CalciBlend: Boosting Your Calcium Intake with Ease

CalciBlend: Boosting Your Calcium Intake with Ease

Calcium is a vital mineral critical for maintaining strong bones and teeth and supporting other crucial functions such as heart, muscle and nerve functioning. Despite the importance of calcium’s role in our overall health and well-being, many people fail to meet suggested daily calcium requirements. Fortunately, including calcium-rich foods in your diet can help bridge this gap. In this quick review of calcium and diet, we will explore the benefits of calcium, provide a list of calcium-rich foods, and discuss how CalciBlend can make it easier to meet your calcium needs. 

The Importance of Calcium in Your Diet

Calcium, the most abundant mineral in the human body, is vital for maintaining optimal health, particularly for bone health. The bones and teeth store 99% of the body's calcium content. Calcium plays a crucial role in bone formation, density, and strength, especially during childhood, adolescence, and older adulthood when bone growth and maintenance are critical. 

Benefits of Meeting Your Calcium Needs


  1. Stronger Bones and Teeth: Adequate calcium intake helps build and maintain strong bones and teeth, reducing the risk of fractures and dental issues. 
  1. Muscle Function: Calcium is involved in muscle contraction and relaxation, including the beating of the heart muscle. 
  1. Nerve Signaling: Calcium aids in nerve signaling by facilitating the transmission of messages between the brain and other parts of the body. 
  1. Blood Clotting: Calcium is essential for blood clotting, which is crucial to preventing excessive bleeding and healing. 

Calcium-Rich Foods to Enhance Your Diet


  1. Dairy Products: Dairy products are excellent sources of calcium. As dairy products can have high amounts of saturated fat, make sure you balance your fat intake and explore low fat options. 
  1. Leafy Green Vegetables: Vegetables such as kale, collard greens, and spinach are rich in calcium. Add them to salads, soups, or smoothies for a nutrient boost.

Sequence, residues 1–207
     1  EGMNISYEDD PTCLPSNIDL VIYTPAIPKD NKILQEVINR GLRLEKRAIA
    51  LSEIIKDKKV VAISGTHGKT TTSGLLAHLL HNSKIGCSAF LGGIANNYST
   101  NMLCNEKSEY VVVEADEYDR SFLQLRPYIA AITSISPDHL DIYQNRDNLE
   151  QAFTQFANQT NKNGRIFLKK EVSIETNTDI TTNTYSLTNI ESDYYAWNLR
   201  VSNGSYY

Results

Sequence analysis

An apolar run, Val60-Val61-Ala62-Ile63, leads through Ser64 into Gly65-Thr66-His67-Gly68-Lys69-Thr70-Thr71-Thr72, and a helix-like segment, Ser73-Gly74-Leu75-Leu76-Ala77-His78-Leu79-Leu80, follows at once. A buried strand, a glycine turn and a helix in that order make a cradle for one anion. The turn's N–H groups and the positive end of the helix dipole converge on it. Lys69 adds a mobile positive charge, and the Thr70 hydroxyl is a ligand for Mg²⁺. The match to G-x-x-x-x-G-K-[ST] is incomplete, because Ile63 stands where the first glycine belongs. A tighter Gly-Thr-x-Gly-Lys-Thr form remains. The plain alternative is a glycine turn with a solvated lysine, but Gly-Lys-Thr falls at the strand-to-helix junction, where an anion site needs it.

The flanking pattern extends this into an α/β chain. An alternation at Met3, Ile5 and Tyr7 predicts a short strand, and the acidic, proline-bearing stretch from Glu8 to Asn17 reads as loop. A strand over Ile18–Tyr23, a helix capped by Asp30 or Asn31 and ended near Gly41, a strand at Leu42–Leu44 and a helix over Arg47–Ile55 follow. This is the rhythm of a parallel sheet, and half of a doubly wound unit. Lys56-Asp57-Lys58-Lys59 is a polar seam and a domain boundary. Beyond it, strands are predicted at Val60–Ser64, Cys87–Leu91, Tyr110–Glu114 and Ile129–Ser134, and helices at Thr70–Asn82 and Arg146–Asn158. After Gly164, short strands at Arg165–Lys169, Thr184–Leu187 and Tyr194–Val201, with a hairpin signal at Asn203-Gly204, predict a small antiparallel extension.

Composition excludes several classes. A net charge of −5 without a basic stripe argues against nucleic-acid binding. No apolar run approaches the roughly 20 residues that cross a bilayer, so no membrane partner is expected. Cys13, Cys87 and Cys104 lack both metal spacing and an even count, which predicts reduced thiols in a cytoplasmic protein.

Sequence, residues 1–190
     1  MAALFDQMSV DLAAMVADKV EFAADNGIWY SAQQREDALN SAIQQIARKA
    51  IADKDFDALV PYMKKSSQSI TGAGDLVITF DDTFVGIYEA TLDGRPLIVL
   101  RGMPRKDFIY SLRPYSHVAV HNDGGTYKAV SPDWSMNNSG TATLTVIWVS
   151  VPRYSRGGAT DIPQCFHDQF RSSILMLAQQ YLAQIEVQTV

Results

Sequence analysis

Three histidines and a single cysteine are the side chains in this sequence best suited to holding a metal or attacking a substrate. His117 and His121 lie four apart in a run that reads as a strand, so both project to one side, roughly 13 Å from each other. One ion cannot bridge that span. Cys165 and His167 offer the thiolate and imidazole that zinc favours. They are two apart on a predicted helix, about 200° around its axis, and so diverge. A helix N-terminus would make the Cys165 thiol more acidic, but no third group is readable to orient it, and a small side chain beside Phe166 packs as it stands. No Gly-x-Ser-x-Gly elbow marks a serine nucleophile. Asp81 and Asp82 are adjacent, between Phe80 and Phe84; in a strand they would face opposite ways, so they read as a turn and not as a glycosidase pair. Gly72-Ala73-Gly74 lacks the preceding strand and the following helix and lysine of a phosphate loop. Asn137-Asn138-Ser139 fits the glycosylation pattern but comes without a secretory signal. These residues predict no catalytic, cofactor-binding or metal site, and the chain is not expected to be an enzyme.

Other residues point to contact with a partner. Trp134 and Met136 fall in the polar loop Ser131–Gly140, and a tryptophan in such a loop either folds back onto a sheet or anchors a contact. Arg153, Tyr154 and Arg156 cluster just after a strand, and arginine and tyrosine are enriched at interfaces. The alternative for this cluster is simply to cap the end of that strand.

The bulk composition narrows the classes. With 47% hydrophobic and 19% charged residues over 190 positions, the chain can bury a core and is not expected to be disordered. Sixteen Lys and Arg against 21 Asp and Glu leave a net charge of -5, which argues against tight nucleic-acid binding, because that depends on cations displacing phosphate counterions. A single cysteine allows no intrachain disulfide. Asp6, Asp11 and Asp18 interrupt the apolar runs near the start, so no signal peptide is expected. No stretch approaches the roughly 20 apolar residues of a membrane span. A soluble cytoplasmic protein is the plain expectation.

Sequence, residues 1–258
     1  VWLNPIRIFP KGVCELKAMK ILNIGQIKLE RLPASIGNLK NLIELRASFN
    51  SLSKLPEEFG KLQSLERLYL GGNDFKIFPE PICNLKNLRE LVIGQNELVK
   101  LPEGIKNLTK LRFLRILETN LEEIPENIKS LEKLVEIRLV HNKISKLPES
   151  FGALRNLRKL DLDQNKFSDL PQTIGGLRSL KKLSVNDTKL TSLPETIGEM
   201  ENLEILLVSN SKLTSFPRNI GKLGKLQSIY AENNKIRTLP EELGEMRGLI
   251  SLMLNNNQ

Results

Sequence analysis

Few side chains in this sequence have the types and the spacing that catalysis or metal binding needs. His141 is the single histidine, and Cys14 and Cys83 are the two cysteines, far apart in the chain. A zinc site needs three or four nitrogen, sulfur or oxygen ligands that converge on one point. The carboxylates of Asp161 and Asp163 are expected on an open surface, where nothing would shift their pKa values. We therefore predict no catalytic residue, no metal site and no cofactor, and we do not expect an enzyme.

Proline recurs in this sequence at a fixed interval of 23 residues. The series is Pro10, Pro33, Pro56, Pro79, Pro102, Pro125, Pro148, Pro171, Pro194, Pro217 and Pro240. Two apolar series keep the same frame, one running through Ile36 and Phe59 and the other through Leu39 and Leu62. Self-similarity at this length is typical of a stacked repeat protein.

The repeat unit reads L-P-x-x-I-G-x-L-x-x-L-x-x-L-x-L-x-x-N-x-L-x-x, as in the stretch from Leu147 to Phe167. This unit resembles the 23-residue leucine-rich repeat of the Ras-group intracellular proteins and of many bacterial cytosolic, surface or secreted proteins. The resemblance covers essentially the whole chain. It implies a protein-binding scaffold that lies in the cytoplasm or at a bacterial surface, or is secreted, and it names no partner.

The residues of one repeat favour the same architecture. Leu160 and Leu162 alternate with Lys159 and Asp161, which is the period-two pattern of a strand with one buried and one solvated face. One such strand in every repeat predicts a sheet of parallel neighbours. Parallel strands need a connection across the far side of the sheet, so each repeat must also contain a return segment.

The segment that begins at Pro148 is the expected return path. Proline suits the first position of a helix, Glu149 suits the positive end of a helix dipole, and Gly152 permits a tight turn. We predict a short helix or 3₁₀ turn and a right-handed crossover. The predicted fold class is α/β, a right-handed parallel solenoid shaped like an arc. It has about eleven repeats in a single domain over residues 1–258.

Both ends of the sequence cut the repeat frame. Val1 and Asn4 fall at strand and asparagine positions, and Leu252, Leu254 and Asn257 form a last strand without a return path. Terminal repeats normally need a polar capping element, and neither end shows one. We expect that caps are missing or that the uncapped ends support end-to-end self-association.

1. Soy Products: Tofu, tempeh, and edamame are good options for sources of calcium that are plant-based. Look for calcium-fortified soy products for an extra dose of calcium. 
  1. Almonds: Almonds are a good source of calcium and make a convenient, nutritious snack. Beyond eating them solo, consider adding them to salads, oatmeal, or trail mix for extra crunch. 
  1. Fish: Fish such as salmon and sardines with bones are rich in calcium. Canned varieties are convenient and budget-friendly. 
  1. Fortified Foods: Numerous food items, including orange juice, cereals, and plant-based milk alternatives, are enriched with calcium.  Check the labels to ensure they are fortified with calcium carbonate or another bioavailable form. 

The Convenience of Using CalciBlend

CalciBlend is a convenient way to boost your calcium intake. It is a powdered blend of calcium carbonate and other essential nutrients, designed to be easily incorporated into your favorite foods and beverages. CalciBlend can be sprinkled onto cereal, mixed into smoothies, or stirred into soups and sauces, making it a versatile and hassle-free way to increase your calcium intake. 


Meeting your daily calcium requirements is crucial for maintaining strong bones, teeth, and overall health. By incorporating calcium-rich foods into your diet and using CalciBlend as a convenient supplement, you can easily meet your calcium needs and support your body's vital functions. Start incorporating these calcium-rich foods into your meals today and enjoy the benefits of a calcium-rich diet. 


  1. National Institutes of Health. (2020). Calcium Fact Sheet for Consumers. 
  1. Weaver, C. M., Proulx, W. R., & Heaney, R. (1999). Choices for achieving adequate dietary calcium with a vegetarian diet. The American journal of clinical nutrition, 70(3), 543s-548s. 
  1. Mangano, K. M., Walsh, S. J., Insogna, K. L., & Kenny, A. M. (2011). Calcium intake in the United States from dietary and supplemental sources across adult age groups: new estimates from the National Health and Nutrition Examination Survey 2003-2006. Journal of the American Dietetic Association, 111(5), 687-695. 
  1. Tucker, K. L., Morita, K., Qiao, N., & Hannan, M. T. (2006). Cupples, L A. Dietary calcium intake and risk of cardiovascular disease, stroke, and fracture in a population with low calcium intake. The American journal of clinical nutrition, 83(6), 1019-1026. 
  1. National Osteoporosis Foundation. (2020). Calcium and Vitamin D: What You Need to Know. 
  1. Institute of Medicine (US) Committee to Review Dietary Reference Intakes for Vitamin D and Calcium. (2011). Dietary Reference Intakes for Calcium and Vitamin D. National Academies Press. 
  1. Heaney, R. P., & Weaver, C. M. (2005). Calcium absorption from kale. The American journal of clinical nutrition, 81(3), 656-657. 
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